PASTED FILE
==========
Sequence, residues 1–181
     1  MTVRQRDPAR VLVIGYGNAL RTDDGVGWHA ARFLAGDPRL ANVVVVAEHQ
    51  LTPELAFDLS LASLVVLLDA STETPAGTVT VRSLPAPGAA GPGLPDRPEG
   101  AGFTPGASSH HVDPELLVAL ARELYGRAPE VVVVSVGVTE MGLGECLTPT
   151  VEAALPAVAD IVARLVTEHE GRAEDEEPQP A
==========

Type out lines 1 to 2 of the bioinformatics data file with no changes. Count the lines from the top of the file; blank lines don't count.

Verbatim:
Sequence, residues 1–181
     1  MTVRQRDPAR VLVIGYGNAL RTDDGVGWHA ARFLAGDPRL ANVVVVAEHQ